Stocks fell almost everywhere in 2018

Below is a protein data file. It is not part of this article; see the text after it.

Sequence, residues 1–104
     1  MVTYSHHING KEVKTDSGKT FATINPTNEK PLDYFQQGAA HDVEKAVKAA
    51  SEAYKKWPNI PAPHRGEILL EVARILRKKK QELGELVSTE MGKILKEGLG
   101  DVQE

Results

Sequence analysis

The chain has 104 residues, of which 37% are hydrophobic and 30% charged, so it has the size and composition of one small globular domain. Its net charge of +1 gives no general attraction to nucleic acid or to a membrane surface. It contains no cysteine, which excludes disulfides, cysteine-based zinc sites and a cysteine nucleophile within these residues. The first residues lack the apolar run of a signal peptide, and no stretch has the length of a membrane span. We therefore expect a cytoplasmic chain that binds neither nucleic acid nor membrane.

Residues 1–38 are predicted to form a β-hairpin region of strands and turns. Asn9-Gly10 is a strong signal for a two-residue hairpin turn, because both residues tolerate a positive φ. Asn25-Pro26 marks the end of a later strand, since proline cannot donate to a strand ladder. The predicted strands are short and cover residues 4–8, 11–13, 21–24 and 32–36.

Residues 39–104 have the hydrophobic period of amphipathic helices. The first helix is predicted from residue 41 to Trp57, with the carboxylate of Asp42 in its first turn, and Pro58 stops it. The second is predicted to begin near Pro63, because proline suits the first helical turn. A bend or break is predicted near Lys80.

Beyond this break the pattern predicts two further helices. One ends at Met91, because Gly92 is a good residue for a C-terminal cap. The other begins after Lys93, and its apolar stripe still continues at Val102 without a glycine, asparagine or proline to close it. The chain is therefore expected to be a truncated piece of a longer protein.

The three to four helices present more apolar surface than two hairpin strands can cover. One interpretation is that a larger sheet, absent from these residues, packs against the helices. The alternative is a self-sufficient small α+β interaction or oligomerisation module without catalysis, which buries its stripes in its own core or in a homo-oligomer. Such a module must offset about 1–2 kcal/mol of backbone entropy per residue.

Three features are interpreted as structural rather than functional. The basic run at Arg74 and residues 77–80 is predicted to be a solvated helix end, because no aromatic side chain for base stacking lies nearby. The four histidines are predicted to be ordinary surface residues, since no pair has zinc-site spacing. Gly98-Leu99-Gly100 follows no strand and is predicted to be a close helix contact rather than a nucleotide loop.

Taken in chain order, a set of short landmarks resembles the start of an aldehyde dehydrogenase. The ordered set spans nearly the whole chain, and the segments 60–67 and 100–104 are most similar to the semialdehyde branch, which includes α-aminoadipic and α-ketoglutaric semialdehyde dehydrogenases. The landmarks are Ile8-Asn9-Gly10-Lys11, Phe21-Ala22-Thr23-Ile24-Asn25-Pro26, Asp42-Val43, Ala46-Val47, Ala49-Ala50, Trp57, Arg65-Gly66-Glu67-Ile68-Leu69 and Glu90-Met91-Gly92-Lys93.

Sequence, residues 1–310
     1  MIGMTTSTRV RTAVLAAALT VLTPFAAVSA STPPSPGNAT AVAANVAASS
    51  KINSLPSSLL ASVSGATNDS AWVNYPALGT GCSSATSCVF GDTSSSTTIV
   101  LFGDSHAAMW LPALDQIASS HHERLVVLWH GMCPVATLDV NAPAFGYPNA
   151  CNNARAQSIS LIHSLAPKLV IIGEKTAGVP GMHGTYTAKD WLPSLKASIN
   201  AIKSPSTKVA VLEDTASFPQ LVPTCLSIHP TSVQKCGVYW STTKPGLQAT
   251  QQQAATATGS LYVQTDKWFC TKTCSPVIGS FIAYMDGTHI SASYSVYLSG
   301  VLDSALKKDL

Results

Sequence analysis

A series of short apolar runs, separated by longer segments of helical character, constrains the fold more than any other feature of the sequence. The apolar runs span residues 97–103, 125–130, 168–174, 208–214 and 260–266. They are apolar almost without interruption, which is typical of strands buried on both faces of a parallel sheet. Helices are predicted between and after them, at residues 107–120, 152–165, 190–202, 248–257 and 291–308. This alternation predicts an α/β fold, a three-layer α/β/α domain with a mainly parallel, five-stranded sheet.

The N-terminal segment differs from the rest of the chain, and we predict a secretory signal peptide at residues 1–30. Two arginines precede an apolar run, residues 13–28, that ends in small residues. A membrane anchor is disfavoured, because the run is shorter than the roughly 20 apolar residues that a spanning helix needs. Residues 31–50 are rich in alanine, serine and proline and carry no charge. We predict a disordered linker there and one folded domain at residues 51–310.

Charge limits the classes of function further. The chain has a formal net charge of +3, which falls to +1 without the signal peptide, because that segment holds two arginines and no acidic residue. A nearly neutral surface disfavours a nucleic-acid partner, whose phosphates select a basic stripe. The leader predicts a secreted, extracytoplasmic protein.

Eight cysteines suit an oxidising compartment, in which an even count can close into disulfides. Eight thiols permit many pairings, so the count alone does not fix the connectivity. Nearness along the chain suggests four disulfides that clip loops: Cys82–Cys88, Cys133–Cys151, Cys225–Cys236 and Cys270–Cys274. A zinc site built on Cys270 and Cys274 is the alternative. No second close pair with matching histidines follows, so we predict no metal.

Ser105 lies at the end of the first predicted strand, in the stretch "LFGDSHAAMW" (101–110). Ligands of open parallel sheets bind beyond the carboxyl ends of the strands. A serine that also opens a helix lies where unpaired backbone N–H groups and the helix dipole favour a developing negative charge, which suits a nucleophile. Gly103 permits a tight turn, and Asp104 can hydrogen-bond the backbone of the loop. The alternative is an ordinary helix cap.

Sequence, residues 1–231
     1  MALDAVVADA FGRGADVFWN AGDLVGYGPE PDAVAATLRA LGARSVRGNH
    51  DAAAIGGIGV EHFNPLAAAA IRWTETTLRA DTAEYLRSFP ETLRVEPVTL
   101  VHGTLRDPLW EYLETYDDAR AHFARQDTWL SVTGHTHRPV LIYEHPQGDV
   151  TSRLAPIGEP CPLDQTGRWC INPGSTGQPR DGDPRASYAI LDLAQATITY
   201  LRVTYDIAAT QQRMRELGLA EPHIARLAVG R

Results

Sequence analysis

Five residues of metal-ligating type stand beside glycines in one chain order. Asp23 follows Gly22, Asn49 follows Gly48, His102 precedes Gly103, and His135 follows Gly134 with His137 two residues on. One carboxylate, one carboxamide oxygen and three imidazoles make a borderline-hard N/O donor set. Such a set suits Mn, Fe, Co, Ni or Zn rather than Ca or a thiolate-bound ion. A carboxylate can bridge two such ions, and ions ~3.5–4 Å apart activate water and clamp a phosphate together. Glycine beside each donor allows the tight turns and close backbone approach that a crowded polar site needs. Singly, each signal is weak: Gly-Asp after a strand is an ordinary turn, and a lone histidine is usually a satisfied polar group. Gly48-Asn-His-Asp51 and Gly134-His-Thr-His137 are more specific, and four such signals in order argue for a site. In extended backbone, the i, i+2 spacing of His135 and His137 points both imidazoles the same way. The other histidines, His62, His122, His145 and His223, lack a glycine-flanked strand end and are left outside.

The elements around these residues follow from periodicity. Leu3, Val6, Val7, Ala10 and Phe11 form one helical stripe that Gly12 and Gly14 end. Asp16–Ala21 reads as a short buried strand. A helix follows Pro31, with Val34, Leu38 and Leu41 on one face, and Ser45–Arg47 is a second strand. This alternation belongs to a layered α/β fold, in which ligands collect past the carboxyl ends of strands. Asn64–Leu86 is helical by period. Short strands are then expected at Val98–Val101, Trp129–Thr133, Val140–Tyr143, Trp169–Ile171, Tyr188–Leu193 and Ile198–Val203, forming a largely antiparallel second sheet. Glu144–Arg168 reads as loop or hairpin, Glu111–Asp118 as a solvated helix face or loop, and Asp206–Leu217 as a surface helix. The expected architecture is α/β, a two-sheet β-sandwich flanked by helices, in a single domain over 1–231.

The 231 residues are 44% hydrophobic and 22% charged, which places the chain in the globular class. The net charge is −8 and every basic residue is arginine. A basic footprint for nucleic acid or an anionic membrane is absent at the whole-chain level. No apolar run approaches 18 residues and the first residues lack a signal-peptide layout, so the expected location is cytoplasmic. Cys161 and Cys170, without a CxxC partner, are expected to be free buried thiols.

Global stocks have closed a scary year with grumbling, signaling further potential declines in 2019. Markets around the world have been hit by the US-China trade conflict, fears of rising interest rates and geopolitical outlets like Brexit. As the year drew to a close, some problems were resolved. A WESTD TIME FOR STOCKS The best stock for 2018 … and the worst stocks almost everywhere fell Why Washington Wall Street is making nervous upside down 10 days on the market FTSE All-World index tracks thousands of stocks across a range of markets, Decreased by 12% this year. It is the worst performance of the index since the global financial crisis and a sharp reversal of nearly 25% gains in 2017. Analysts see more problems in the future. Neil Schering, chief economist at Capital Economics, warned recently that next year’s economic outlook is “more challenging” and weaker growth is likely to have “significant effects on financial markets.” “We expect global stock markets to struggle again next year, with US stocks likely to see the biggest declines,” he wrote in a research note. The problem in Asia This year’s market damage has been more pronounced in China, with the world’s second largest economy feeling the effects of dark trade prospects and government attempts to curb risky lending after a rapid rise in debt levels. The Shanghai Composite Index entered a bearish market in June, and has now fallen nearly 25% since the beginning of the year. The Shenzhen Composite Index, which houses many technology companies in the country, fell more than 33 percent over the same period. In Hong Kong, the Hang Seng Index fell 14%. China’s industrial sector contracts for first time since 2016 The economic crisis caused by the trade war is expected to become more pronounced in the coming months, damaging Chinese exports and corporate profits. What remains uncertain is the severity of the slowdown and to what extent the Chinese government will go to try to mitigate the impact. Stocks are not excluded elsewhere in Asia, including Japan and South Korea. The Kospi index fell 17% this year in Seoul. Japan’s Nikkei fell 12%, while the broader Topix index lost nearly 18%. Europe fell DAX index in Frankfurt fell more than 18% since January. German automakers have been particularly hit by trade war fears and new emissions tests. The main stock market in Milan, Italy, fell 16% amid concerns over spending plans proposed by the country’s popular government. The IBEX index in Spain fell 15% and the French CAC 40 index fell 11%. Brexit 2019: UK will choose between recession and convenience Looking to the future until 2019, Brexit remains a major threat to Europe. British stocks may be affected if the UK leaves the EU without a deal, but foreign companies operating in the country could also be affected. Wall Street pain The Dow dropped 6.7% in 2018 with one trading session remaining. The S & P 500 index fell 7% over the same period and the Nasdaq fell 4.6%. While annual losses may not be as sharp as in some other markets, Wall Street is in a historic period of volatility. The S & P 500 was up or down more than 1% nine times in December and 64 times this year. In 2017, it happened only eight times. Big Winners There were a few major global markets that turned into decent performances in 2018. The Indian Sensex closed the year with gains of nearly 3%. At the same time, Brazil’s Bovispa index rose 15%. Jethro Mullen and Daniel Shane contributed to reporting.


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